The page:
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Multi-billion-dollar software piracy bust
Warez community decimated by US Customs
US Customs penetrated a 'multi-billion dollar' anti-warez operation in several US cities and overseas, and executed over 100 search warrants in connection with it Tuesday, officials say.
US Lord Protector John Ashcroft announced the achievement and tried to take as much credit for it as possible, even inviting FBI Director Robert Mueller to comment as well.
"The execution of these search warrants marks the completion of the most extensive software piracy undercover investigation that the FBI has participated in to date," Mueller crooned.
"Many of these individuals and groups believed the digital age and the Internet allowed them to operate without fear of detection or criminal sanction. Today, law enforcement in the U.S. and around the world proved them wrong," Ashcroft said.
Customs, which appears to have done much of the heavy lifting, is not quoted in the official DoJ press release. Very Hooveresque.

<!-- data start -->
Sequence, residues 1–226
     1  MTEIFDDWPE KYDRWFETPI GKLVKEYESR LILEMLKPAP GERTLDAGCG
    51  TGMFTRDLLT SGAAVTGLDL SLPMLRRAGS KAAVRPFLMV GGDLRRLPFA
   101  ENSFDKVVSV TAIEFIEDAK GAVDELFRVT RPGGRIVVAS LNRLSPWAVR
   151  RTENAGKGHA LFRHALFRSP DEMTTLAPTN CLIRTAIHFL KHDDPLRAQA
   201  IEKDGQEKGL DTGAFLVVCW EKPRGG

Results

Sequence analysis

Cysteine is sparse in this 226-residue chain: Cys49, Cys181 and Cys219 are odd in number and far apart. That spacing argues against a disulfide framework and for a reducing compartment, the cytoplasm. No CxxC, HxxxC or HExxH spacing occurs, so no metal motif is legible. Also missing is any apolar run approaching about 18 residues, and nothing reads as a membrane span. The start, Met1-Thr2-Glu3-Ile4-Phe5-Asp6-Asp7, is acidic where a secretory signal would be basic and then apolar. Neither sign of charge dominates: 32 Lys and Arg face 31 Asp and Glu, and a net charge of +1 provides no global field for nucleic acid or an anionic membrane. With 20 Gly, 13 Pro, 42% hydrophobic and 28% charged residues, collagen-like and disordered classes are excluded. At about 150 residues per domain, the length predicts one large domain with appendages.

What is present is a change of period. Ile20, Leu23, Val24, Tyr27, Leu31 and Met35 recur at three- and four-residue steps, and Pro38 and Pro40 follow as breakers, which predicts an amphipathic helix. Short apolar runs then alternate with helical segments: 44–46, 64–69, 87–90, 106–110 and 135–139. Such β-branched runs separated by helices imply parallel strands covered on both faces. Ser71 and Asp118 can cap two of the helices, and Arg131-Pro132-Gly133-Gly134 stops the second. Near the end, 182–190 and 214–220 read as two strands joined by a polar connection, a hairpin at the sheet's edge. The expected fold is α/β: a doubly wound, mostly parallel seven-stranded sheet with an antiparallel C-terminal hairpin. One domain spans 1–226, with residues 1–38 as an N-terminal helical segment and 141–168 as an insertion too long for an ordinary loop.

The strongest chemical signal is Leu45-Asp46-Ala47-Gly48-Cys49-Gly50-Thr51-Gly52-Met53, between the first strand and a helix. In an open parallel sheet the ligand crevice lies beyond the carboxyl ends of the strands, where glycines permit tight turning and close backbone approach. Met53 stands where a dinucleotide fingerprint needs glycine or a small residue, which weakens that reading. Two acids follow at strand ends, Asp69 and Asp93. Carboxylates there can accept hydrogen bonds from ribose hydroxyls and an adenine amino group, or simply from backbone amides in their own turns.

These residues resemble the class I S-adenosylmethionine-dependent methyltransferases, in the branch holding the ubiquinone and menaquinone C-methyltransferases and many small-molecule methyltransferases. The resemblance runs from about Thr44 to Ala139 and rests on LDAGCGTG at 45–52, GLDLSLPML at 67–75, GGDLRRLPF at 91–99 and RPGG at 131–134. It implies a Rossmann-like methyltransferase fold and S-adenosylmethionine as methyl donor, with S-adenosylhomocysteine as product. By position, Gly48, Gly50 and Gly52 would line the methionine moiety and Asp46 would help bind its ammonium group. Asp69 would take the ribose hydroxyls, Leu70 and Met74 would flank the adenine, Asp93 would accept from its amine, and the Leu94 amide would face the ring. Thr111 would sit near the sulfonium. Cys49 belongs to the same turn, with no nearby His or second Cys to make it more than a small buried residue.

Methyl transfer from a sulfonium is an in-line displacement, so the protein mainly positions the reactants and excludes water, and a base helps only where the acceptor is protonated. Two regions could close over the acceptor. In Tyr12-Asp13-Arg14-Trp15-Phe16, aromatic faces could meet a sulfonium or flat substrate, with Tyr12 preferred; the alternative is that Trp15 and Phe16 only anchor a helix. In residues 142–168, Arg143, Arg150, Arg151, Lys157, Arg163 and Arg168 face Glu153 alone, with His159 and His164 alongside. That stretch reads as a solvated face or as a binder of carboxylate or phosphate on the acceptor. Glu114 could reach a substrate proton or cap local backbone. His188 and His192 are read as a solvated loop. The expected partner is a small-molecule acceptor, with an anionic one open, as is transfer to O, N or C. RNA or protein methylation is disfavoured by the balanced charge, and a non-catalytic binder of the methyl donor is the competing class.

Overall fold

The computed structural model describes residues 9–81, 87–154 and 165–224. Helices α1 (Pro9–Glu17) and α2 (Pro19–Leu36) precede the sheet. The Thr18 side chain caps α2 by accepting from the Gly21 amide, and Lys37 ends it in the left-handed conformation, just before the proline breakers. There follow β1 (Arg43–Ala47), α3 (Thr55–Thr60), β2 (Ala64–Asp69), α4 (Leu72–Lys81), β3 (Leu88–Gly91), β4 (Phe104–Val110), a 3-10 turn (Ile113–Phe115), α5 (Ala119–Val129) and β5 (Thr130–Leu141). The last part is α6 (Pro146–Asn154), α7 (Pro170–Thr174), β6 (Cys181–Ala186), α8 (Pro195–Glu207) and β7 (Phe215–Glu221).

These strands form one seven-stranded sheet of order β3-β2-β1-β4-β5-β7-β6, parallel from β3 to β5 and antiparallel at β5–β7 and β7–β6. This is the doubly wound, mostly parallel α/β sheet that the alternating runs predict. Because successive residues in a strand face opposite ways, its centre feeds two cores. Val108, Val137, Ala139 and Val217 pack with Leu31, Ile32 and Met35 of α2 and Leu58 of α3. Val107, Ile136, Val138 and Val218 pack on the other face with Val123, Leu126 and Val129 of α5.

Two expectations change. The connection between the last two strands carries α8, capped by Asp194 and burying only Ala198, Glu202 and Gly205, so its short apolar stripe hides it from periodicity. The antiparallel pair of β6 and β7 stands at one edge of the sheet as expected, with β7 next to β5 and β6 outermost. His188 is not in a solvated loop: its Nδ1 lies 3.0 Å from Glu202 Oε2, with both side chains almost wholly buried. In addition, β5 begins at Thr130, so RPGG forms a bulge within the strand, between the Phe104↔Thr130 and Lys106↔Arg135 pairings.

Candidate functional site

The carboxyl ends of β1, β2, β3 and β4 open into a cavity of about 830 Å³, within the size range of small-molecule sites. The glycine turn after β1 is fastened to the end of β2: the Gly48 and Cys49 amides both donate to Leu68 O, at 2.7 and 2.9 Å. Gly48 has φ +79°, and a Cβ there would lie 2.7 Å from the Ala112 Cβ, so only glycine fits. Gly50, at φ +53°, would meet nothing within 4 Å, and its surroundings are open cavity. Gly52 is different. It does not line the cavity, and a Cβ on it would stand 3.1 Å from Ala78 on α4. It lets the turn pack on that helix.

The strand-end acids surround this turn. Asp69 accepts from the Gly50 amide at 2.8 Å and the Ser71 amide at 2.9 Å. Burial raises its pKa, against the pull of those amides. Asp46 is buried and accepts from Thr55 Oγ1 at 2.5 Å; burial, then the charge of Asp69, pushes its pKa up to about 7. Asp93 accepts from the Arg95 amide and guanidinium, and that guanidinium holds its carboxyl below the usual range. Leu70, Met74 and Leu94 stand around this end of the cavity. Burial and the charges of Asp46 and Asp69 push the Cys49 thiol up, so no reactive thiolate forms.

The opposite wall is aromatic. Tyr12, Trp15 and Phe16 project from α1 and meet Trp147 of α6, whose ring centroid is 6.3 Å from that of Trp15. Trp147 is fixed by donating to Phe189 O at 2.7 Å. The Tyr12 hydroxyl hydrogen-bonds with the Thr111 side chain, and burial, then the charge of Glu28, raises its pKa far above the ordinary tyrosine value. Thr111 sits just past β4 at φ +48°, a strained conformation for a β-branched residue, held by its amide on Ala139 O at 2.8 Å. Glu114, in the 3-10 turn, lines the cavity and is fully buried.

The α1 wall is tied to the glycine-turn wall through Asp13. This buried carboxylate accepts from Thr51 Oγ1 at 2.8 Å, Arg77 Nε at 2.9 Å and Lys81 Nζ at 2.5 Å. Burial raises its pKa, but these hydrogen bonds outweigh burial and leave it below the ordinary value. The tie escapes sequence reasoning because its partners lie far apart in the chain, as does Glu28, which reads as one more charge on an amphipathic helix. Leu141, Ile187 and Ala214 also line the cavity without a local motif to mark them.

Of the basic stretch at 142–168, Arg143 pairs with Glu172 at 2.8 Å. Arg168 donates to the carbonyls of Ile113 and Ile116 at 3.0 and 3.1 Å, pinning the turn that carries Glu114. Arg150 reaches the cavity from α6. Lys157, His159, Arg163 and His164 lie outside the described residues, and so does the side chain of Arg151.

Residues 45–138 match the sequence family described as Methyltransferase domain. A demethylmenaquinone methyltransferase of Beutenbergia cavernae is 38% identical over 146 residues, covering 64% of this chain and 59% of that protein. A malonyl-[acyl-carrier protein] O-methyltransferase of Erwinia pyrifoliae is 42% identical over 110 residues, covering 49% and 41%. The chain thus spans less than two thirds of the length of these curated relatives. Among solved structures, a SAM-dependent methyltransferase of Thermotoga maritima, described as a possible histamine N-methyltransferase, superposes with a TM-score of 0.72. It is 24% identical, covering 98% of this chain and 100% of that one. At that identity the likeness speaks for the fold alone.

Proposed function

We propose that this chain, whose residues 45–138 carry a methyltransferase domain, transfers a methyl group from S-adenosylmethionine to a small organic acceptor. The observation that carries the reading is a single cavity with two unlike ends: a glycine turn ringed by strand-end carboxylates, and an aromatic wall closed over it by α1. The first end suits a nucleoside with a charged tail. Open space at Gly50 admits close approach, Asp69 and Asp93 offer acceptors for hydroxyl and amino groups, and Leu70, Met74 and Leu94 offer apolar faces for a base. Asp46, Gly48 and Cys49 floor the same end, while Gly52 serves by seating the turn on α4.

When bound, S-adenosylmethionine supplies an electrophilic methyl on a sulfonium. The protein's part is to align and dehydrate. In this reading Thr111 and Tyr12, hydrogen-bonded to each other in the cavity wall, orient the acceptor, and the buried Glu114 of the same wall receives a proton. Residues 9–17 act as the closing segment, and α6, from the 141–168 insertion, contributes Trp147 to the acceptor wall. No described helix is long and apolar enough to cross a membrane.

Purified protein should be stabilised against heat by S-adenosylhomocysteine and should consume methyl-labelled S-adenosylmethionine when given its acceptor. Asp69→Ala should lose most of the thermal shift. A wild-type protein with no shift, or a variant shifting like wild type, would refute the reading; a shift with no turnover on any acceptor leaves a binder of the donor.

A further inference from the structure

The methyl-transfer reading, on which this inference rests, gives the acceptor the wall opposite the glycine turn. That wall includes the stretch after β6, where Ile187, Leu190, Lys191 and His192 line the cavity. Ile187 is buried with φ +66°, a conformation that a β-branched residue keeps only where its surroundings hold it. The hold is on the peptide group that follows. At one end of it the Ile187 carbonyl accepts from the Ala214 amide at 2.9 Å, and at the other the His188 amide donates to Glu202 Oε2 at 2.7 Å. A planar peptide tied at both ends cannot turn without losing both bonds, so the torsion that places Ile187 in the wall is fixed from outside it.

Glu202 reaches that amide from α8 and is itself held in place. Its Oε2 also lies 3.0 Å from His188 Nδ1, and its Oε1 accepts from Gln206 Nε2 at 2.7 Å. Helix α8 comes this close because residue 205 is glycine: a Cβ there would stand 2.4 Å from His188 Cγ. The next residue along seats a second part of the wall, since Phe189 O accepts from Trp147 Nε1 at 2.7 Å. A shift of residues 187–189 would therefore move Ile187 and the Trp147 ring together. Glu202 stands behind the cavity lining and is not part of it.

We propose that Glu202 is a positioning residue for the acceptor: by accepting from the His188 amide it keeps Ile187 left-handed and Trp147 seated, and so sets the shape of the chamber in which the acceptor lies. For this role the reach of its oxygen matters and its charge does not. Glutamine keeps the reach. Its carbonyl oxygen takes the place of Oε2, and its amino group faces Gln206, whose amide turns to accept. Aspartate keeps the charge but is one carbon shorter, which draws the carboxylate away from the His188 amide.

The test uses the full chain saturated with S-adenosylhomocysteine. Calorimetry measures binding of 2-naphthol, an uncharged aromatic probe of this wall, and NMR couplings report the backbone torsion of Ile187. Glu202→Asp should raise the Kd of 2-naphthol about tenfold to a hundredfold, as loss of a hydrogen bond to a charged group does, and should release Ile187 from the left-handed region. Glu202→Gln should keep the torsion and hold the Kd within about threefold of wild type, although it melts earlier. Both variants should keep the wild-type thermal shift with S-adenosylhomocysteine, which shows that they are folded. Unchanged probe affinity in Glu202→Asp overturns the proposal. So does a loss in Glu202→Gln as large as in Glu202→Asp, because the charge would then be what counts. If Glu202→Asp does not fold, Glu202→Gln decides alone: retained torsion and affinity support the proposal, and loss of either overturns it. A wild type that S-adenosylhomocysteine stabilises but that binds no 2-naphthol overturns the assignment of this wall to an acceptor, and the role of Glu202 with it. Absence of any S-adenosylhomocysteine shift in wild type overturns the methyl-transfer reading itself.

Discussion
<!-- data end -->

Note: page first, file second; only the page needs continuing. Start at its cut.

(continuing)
In one operation, code named 'Bandwidth,' officials set up a dummy warez site to attract dummy warez traders. This netted a number of profitable leads, most of whom, we imagine, will be competing to rat on each other first in pursuit of favorable plea bargains.
Raids have been conducted at several of America's leading institutions of higher learning, including MIT, UCLA, Duke and Purdue. Numerous executives in major IT corporations are also involved, though officials have declined to mention which particular companies are represented.
A chief target was the Russian group DrinkOrDie, which brought us Windows 95 days before it was released, and which has since cracked and distributed untold millions in software and digital entertainment. The group's Web site is currently dead -- and if Ashcroft is to be believed, its members will soon wish to be. ®